Deep Dive: Who was this fourth person?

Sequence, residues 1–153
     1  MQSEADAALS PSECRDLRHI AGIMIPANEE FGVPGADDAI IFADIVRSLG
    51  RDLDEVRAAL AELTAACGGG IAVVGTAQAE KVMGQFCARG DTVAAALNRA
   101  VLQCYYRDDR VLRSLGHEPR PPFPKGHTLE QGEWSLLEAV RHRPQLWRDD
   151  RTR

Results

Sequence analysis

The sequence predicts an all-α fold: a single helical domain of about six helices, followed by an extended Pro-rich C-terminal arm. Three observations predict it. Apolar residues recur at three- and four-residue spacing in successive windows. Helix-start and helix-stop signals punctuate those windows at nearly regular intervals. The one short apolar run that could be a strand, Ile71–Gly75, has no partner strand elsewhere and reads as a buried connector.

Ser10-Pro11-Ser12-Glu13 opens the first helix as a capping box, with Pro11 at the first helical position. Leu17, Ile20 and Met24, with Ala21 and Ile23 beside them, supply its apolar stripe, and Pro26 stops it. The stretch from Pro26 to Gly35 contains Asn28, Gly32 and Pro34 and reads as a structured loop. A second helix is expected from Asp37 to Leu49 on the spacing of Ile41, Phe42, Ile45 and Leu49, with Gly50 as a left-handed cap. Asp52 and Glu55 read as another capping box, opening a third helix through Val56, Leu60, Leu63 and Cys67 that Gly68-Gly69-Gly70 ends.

As I said in the full discussion guide, there’s some debate as to who or what this fourth being in the fiery furnace was. The answer we’re given in the passage is an angel, at least according to Nebuchadnezzar.(3:28) Spiritual beings like angels were known to Jews in Daniel’s time, with references like in Psalm 103:20, “Bless the LORD, O you his angels, you mighty ones who do his word, obeying the voice of his word!” The Babylonian religion had tons of different spiritual beings, including angels, so it could very well be that Nebuchadnezzar was correctly identifying this visitor from his own, more varied, background. However, the Bible also tells us about a far more puzzling candidate for this furnace appearance, one who is often called “the angel of the Lord.” For example, this is the title given to the being who spoke to Moses in Exodus 3:2, “And the angel of the Lord appeared to him in a flame of fire out of the midst of a bush.” But here’s where it gets tricky; in Exodus 3:4 we read, “When the Lord saw that he turned aside to see, God called to him out of the bush.” So this “angel of the Lord” in the bush is…God? The same confusing thing happens multiple times in scripture, like in Judges 2 where the angel says to Israel, “I brought you up from Egypt.” So here we have a distinct being—the Bible goes to lengths to call him “the angel of the Lord” instead of just calling him God—who speaks as God and makes sometimes disembodied, sometimes physical appearances in the Old Testament (ex. Genesis 18). Consequentially many people wonder, “Wait, could that be Jesus?” Considering Jesus has existed for all time (John 1:2), theologians have speculated that these appearances of the angel of the Lord could have been pre-incarnation appearances of the Son of God. These suspected visits are called Christophanies, Greek for “Christ-appearances.” Considering the Spirit of God also shows up in the pages of the Old Testament (Genesis 1:2, 1 Samuel 10, Isaiah 61, etc.) it’s not outside the realm of possibility that all members of the Trinity are represented both in the Old and New Testament. However, aside from Jesus’ eternal existence, we don’t have any confirmation within the Bible that the angel of the Lord was in fact Jesus, so while I think we need to hold onto this premise loosely, there’s also some pretty good evidence to back it up.